A Larne-based social enterprise company is preparing to embark on a new project designed to support disadvantaged local people.
Acceptable Enterprises Larne (AEL), which makes parts, accessories and components for a wide range of industries, has transformed a patch of derelict land into raised allotments for use by individuals and community groups.
And the firm is set to embark on the second phase of the project; a market garden facility which aims to tackle local unemployment and help disadvantaged people, such as those with mental health issues and learning disabilities.
David Hunter, CEO of AEL told the Times: “The market garden will involve the erection of two large poly tunnels, measuring 30ft by 60ft.
“The project will provide our clients with the opportunity to engage in regular, structured forms of outdoor, hands-on activity.
“This in many ways resembles employment; working as a team, task setting, turning up on time receiving and giving instruction.”
As well as learning vital skills needed for employment, participants will also be provided with training opportunities, in the form of an OCN NI Level 1 qualification in horticulture.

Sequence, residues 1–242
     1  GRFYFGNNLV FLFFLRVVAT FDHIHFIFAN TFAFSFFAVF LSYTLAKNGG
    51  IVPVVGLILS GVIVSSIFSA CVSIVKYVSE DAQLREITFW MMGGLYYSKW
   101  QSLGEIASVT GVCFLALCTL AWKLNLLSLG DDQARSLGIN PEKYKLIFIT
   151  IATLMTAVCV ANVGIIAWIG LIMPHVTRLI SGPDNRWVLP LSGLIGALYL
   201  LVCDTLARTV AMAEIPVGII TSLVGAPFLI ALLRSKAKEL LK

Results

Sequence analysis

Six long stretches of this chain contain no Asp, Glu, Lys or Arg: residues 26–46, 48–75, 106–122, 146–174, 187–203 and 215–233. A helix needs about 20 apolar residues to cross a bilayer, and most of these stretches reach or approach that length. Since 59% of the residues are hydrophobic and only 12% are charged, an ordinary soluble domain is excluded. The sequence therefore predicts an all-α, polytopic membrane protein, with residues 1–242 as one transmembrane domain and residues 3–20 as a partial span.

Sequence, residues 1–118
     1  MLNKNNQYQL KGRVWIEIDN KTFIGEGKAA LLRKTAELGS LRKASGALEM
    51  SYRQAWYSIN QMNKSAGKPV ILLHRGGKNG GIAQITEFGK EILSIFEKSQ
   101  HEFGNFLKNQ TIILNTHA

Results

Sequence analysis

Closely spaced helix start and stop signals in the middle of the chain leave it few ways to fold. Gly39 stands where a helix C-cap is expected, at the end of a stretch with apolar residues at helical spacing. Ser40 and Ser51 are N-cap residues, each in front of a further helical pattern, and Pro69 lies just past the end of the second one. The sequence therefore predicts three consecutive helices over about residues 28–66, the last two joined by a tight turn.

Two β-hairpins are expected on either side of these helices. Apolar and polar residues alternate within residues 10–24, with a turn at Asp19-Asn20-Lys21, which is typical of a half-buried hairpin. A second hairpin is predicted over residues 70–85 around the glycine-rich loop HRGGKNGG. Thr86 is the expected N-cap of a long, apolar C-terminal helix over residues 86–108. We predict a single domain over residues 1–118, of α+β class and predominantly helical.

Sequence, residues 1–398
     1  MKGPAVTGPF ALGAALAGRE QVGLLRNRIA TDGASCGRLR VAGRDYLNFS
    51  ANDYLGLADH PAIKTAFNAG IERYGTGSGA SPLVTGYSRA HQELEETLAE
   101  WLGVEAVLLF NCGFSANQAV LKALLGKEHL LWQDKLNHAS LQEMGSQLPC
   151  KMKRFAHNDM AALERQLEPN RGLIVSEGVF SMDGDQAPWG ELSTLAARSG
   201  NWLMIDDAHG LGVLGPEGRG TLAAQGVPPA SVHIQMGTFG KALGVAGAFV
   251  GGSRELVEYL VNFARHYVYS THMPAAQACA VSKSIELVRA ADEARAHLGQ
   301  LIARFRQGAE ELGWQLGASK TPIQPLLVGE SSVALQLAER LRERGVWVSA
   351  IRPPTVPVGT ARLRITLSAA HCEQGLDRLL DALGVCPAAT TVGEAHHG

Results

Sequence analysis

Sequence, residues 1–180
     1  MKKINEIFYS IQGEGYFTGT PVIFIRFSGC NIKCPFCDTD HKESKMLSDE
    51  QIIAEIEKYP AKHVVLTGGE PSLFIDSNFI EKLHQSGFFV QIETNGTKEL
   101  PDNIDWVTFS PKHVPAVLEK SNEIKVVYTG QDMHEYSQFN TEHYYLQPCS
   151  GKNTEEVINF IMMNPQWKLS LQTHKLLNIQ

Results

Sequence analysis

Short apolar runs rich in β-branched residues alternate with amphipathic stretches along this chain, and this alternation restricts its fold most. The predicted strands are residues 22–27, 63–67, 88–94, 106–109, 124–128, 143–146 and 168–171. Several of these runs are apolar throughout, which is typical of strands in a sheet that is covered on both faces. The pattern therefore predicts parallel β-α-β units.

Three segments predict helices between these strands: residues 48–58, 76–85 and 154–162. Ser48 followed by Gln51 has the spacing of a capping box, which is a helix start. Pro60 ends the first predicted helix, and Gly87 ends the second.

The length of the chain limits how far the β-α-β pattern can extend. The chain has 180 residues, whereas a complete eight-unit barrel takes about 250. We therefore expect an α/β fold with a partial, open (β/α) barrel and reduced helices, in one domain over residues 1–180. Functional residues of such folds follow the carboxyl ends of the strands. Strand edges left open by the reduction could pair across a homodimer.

The project also aims to help people who suffer from poor mental or physical health and find themselves “on the fringes of society”.
He added: “There is an abundance of evidence to show that allotment-based activity provides physical and psychological benefits from those that become involved.”
Work on the market garden is expected to get underway in January.
The commencement of the project comes in the wake of AEL securing a 10-year lease on the Centre Point premises.
The building, owned by Northern Regional College, is a shared facility between the college, AEL and the Northern Health Trust. The partnership allows AEL and the Trust to rent the premises from NRC, who continue to provide further education courses on-site.
AEL’s move to the spacious Pound Street premises in 201 allowed the firm to expand and double its direct employment from 15 to 30, and treble the number of training placements from 26 to 80.
Last year, the firm created NI’s first social enterprise water-bottling facility at Magheramorne.
AEL is also hoping to resurrect its plan to build log cabins at Carnfunnock, after the original proposal was rejected buy Larne Borough Council.
Mr Hunter added: “Our move to the Centre Point facility has allowed us to grow the organisation in terms of economic and community-based activities.”